Follow Mint Lounge

Latest Issue

Home > Fashion> Trends > What's driving so many multimillion-dollar auctions? 

What's driving so many multimillion-dollar auctions?

The 10 biggest sales of November auctions at Christie's and Sotheby’s add up to $606 million

A staff member holds a historically valuable sapphire and diamond brooch and a pair of ear clips during a preview at Sotheby's, before their auction sale in Geneva, Switzerland, on 2 November.
A staff member holds a historically valuable sapphire and diamond brooch and a pair of ear clips during a preview at Sotheby's, before their auction sale in Geneva, Switzerland, on 2 November. (REUTERS)

An auction house specialist’s job is to smile during auctions—at colleagues, at clients in the room, and at no one in particular while standing at a phone bank, waiting for bids, but during this November’s megasales in New York, the grins seemed more genuine than usual.

And no wonder. At Christie’s, a solid, 100%-sold 21st century evening sale was followed two days later by an almost unbelievably successful, single-owner auction of impressionist works from the estate of the late oil baron Edwin Cox.

Also read: Marie Antoinette's diamond bracelets fetch $8 million at auction

A landscape by Vincent van Gogh from Cox’s estate sold for $71.4 million, nearly double its unofficial estimate. A painting by the artist of a flaxen-haired young man was estimated to sell for $7 million at most; with premium, its total ended up being $46.7 million. “We knew it was a great collection and that it would be a success,” says Guillaume Cerutti, Christie’s chief executive officer. “The magnitude of the success, the extraordinary moments during the auction with bidding for the van Gogh, and even the lower value works— that was a little unexpected.”

All told, the six live auctions and one online sale Christie’s held during its 20th century and 21st century week totaled about $1.1 billion. 

Then it was Sotheby’s turn. Last week, it held its own single-owner sale consisting of 35 artworks owned by real estate developer Harry Macklowe and his ex-wife Linda, which hurtled past its high estimate, totaling a stunning $676 million. 

“We’ve been lucky this week in the sense that with the restrictions from Europe lifted, we’ve had a lot of European collectors and people from the community in New York, and that’s been a big benefit,” says Sotheby’s CEO Charles Stewart. “We’ve had participants from around 40 countries in our sales this week.” 

But it does seem, Cerutti says, that American collectors dominated the auctions more than they have in years.

“Across the sales for the week, basically, the ratio of buyers and bidders was roughly: America, 50%; Asia, 20%; and Europe and the Middle East, 30%,” he says. This can be contrasted to the major spring auctions, where “Asian bidding and buying was more pronounced,” he says.

Cerutti cautions against reading too much into it, though. Instead of Asian enthusiasm declining, he suggests, it might be that American bidders simply became more aggressive. “We had clients back in the room and very well-attended viewings,” he says. “And therefore you had de facto more American clients interested in engaging in the sales.”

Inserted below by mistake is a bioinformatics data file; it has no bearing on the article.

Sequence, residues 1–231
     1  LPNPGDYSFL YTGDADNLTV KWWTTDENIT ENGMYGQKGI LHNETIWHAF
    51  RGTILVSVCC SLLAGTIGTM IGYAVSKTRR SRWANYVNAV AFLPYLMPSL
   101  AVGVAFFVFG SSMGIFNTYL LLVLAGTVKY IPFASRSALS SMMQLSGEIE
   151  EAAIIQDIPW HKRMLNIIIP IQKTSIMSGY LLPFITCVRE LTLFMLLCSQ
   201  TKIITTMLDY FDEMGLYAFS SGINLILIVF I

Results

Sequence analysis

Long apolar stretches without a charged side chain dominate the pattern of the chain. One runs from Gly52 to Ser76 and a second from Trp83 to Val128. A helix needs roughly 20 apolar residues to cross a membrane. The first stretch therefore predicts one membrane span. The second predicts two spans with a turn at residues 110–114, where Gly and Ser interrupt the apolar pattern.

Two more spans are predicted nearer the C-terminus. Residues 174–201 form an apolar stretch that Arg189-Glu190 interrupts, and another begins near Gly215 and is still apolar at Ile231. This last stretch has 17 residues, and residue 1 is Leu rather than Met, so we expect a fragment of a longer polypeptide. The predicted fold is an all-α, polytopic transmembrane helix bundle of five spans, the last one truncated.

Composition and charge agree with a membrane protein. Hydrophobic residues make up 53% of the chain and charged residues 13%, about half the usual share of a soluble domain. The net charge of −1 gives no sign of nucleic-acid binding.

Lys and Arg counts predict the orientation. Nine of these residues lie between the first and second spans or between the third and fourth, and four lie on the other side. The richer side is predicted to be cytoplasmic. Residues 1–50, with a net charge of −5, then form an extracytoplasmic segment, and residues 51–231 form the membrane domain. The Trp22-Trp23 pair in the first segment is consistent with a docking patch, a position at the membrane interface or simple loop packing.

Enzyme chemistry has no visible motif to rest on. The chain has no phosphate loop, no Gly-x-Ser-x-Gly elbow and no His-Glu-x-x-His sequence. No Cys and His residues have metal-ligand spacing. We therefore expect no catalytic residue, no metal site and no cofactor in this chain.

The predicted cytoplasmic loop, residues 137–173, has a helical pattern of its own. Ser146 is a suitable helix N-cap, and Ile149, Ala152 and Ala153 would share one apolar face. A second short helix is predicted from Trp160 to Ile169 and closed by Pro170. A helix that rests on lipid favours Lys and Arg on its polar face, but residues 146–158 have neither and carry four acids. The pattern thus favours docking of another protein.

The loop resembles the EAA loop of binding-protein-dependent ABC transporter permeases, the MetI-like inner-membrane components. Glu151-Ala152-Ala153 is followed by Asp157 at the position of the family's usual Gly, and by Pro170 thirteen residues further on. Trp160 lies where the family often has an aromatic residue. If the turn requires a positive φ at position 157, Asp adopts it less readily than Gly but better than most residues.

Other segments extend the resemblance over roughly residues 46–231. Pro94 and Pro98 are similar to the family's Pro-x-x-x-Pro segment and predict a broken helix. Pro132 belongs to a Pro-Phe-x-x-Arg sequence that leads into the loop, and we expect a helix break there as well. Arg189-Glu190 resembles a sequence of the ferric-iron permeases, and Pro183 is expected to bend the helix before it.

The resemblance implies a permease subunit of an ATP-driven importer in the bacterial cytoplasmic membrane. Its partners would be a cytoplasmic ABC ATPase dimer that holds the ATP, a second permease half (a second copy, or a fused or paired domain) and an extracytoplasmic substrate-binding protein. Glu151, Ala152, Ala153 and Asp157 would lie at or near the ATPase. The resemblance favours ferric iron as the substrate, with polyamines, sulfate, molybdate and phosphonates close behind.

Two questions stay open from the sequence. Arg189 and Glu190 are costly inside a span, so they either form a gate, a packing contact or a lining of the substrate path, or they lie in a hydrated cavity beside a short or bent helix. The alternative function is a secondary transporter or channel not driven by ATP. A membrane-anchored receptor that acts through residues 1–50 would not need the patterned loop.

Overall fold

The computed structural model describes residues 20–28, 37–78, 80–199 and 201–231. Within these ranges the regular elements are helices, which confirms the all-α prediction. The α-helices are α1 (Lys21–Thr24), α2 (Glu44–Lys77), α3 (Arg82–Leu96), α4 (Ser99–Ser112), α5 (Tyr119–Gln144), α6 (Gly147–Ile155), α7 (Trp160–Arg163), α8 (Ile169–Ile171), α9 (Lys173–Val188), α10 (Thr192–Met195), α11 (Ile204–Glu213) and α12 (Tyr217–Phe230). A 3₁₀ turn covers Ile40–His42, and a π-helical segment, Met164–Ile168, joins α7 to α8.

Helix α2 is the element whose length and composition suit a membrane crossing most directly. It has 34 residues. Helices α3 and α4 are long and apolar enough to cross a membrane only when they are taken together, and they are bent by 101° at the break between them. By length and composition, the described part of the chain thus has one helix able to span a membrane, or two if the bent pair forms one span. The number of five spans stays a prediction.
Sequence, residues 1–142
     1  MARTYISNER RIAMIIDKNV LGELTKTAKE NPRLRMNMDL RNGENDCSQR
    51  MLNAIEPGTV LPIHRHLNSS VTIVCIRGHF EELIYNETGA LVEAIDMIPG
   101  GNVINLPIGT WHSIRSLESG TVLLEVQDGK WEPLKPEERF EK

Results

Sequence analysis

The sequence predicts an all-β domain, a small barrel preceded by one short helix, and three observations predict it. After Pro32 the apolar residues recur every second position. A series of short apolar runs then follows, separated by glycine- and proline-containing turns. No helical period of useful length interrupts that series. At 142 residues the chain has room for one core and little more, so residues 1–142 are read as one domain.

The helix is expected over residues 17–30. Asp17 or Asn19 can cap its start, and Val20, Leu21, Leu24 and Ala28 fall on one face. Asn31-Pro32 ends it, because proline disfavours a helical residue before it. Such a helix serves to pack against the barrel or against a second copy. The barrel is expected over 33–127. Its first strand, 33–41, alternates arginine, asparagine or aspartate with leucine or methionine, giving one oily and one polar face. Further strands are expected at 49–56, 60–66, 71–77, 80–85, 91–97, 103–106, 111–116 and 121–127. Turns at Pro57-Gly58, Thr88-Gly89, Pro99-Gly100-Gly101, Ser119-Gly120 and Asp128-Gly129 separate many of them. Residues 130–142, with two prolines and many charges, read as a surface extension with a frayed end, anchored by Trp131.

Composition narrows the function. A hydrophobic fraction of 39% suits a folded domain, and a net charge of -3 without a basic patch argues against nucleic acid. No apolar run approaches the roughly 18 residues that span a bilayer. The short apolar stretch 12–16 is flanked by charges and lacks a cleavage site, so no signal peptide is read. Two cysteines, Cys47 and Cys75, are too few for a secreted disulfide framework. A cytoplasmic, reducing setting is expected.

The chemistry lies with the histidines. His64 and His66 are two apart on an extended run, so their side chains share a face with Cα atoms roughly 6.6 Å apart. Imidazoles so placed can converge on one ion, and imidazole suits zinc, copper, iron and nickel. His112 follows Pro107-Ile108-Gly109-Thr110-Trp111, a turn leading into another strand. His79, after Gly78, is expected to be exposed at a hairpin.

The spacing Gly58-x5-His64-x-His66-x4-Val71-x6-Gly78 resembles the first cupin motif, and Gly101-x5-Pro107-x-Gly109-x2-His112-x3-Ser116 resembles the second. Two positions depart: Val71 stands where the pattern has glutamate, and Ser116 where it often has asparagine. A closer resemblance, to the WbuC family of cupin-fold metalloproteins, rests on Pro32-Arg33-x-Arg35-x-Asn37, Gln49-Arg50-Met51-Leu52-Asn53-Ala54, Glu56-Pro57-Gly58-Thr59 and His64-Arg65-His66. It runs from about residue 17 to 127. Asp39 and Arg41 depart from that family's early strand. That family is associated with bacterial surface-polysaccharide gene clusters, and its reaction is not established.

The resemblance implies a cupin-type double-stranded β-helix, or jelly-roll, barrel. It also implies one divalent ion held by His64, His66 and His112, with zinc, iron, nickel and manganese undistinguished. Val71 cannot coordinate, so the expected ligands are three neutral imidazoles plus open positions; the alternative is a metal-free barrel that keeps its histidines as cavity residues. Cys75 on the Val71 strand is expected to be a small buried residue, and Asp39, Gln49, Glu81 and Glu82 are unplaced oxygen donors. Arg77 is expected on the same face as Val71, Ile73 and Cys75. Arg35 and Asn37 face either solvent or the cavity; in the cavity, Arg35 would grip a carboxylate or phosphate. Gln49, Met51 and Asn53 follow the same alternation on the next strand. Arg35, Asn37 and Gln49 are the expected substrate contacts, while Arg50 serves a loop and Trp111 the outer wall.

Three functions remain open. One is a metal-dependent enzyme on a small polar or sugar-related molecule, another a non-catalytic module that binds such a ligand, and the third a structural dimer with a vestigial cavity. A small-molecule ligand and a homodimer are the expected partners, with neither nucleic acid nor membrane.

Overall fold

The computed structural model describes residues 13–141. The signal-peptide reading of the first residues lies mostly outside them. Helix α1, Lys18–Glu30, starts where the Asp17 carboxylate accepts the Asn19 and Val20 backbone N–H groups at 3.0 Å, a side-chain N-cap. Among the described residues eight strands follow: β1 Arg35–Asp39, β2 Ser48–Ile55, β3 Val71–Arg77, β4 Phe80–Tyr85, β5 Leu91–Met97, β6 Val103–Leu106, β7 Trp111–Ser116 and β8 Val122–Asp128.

The work those clients were interested in, particularly at the very highest end, resembled, with uncanny accuracy, many of the top works collectors were buying five years ago. And indeed, for all the talk of NFTs and of greater attention being paid to women and non-White artists, the highest peak of the art market is pretty much the same as it ever was.

And so, should onlookers also infer that we're back to the old normal, where billions of dollars worth of art sell in just a few weeks? That, Cerutti says, has a lot to do with supply.

“Sometimes you can have a very strong market in terms of demand, but the supply, circumstantially, is less impressive,” he says. “And that discrepancy doesn’t mean there's a crisis, it just means that you need supply and demand to be aligned.”

This year, he says, “all the stars were aligned. The supply was fantastic, and the demand was still very strong. Those two ingredients together led to success.”

For the 10 most successful lots in New York’s marquee November art sales, look below.

Mark Rothko’s No. 7, from 1951, sold for $82.5 million

Sold at Sotheby’s

Alberto Giacometti’s Le Nez, cast in 1965, sold for $78.4 million

Sold at Sotheby’s

Vincent van Gogh’s Cabanes de Bois Parmi les Oliviers et Cyprès, from 1889, sold for $71.4 million

Sold at Christie's

Jackson Pollock’s Number 17, 1951, from 1951, sold for $61.2 million

Sold at Sotheby’s 

Cy Twombly’s Untitled, from 2007, sold for $58.9 million

Sold at Sotheby’s

Paul Cézanne’s L’Estaque aux Toits Rouges, from 1883-1885, sold for $55.3 million

Sold at Christie's

Gustave Caillebotte’s Jeune Homme à sa Fenêtre, from 1876, sold for $53 million

Sold at Christie's

Claude Monet’s Coin du Bassin aux Nymphéas, from 1918, sold for $50.8 million

Sold at Sotheby’s

Andy Warhol’s Nine Marilyns, from 1962, sold for $47.4 million

Sold at Sotheby’s

Vincent van Gogh’s Jeune Homme au Bleuet, from 1890, sold for $46.7 million

Sold at Christie's

Also read: New York's November auctions mark a return to billionaire-level art prices


Next Story